The bitter dispute between two Telecom Italia shareholders deepened today as activist investor Elliott urged shareholders to back its plan ahead of a crucial meeting this month.
US investment fund Elliott is locked in a power struggle with fellow investor Vivendi over the future of the struggling Italian telecoms firm.
The French media conglomerate is looking to take back control of the company by replacing five Elliott-appointed board members with its own candidates. But Elliott has called on shareholders to reject the nominees at a meeting later this month.
“Elliott’s presentation outlines the clear choice facing shareholders at the upcoming shareholder vote on 29 March: a choice between stability and the continued recovery of company value, or a return to Vivendi’s poor stewardship with its broken promises, track record of prolonged and pervasive value destruction, and contempt for good governance,” the company said.
The comments come as the two firms tussle over a report into Telecom Italia’s governance, which was published by the company’s statutory auditors at the end of last week.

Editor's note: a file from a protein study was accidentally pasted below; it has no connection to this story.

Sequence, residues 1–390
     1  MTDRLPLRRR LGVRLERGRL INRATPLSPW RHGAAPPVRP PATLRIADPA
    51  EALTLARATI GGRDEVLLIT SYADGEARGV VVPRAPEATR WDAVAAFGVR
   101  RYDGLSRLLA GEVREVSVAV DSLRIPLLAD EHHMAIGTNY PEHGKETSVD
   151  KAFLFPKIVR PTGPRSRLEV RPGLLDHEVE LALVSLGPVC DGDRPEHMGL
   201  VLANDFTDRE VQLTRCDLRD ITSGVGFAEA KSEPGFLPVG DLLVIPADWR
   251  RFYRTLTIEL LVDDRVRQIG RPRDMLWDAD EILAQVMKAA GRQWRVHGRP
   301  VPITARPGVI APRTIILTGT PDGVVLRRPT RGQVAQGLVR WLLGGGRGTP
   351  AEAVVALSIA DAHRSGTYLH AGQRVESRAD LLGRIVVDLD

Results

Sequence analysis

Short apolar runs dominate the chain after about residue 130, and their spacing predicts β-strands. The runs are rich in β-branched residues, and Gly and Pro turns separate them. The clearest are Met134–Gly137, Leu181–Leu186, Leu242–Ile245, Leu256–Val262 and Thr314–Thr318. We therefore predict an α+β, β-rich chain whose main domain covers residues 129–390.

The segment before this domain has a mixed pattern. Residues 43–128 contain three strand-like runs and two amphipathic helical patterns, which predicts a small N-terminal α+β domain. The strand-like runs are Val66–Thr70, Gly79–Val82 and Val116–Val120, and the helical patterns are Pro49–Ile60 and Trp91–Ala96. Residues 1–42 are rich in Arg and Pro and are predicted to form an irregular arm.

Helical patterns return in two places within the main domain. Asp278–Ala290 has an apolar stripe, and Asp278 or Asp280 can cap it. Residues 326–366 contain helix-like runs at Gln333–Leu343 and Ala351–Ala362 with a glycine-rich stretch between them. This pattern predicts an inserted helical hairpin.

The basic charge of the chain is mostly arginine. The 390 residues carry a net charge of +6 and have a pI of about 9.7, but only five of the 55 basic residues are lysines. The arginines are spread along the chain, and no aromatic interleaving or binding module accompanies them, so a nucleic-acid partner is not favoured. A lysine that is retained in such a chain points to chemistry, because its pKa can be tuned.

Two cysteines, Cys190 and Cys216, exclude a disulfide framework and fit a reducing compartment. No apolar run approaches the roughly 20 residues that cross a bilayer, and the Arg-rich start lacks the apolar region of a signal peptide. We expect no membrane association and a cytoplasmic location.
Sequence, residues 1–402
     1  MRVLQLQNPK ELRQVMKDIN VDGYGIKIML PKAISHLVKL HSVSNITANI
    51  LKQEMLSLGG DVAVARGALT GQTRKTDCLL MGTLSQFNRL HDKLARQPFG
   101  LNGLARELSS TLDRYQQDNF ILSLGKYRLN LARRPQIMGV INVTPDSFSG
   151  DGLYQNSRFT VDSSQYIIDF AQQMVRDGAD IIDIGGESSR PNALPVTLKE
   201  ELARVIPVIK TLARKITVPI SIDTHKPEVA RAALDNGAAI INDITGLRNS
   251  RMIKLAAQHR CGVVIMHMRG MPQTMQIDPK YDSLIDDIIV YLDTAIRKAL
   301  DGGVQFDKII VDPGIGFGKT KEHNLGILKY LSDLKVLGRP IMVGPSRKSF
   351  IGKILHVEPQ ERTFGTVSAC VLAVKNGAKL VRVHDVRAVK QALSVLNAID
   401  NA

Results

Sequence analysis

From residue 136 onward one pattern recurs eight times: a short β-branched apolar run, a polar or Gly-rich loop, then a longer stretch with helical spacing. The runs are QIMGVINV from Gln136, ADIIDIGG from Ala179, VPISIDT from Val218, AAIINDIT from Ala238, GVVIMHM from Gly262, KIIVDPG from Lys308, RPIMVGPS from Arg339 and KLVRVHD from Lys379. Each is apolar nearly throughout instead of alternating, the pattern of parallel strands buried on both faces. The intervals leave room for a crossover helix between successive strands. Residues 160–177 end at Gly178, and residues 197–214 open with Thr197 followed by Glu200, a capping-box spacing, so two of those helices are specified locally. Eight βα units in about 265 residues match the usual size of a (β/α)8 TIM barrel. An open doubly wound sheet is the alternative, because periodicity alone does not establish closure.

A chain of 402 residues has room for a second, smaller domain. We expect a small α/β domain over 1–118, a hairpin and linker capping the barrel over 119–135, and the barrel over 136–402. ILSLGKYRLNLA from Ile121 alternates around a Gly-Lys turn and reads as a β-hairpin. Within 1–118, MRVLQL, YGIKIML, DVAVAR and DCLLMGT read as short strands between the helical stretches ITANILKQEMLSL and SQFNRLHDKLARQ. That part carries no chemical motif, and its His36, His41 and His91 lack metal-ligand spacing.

Vivendi welcomed the findings of the report, which it said highlights serious irregularities in the governance of the company by the Elliott-controlled board.
The report states Telecom Italia chairman Fulvio Conti withheld information from Vivendi-appointed directors ahead of the ousting of chief executive Amos Genish last year.
Vivendi said the findings show the existence of a “shadow board of directors”. “These concerns reinforce Vivendi’s belief that Telecom Italia shareholders must put in place a truly independent board at the 29 March shareholders meeting,” it said.
But the report found no wrongdoing relating to nine specific allegations made by Vivendi, including that chairman Conti could no longer be considered independent.
Elliott has rebuffed Vivendi’s comments and in an interview yesterday Conti rejected claims that there had been an “asymmetry of information” ahead of the ousting of Genish.
“The decision of the board was based on facts that I presented to the whole board and not based on new information exchanged asymmetrically,” he said.
The report also found that Genish, who remains on Telecom Italia’s board, withheld information about the company’s struggling finances from other board members.
The long-running row centres on a disagreement over Telecom Italia’s strategy to reduce its heavy debt load. The company issued a profit warning earlier this year and has seen its share price drop more than 30 per cent over the last 12 months.
Shareholders will vote on the appointment of five Vivendi-nominated directors at the shareholder meeting on 29 March.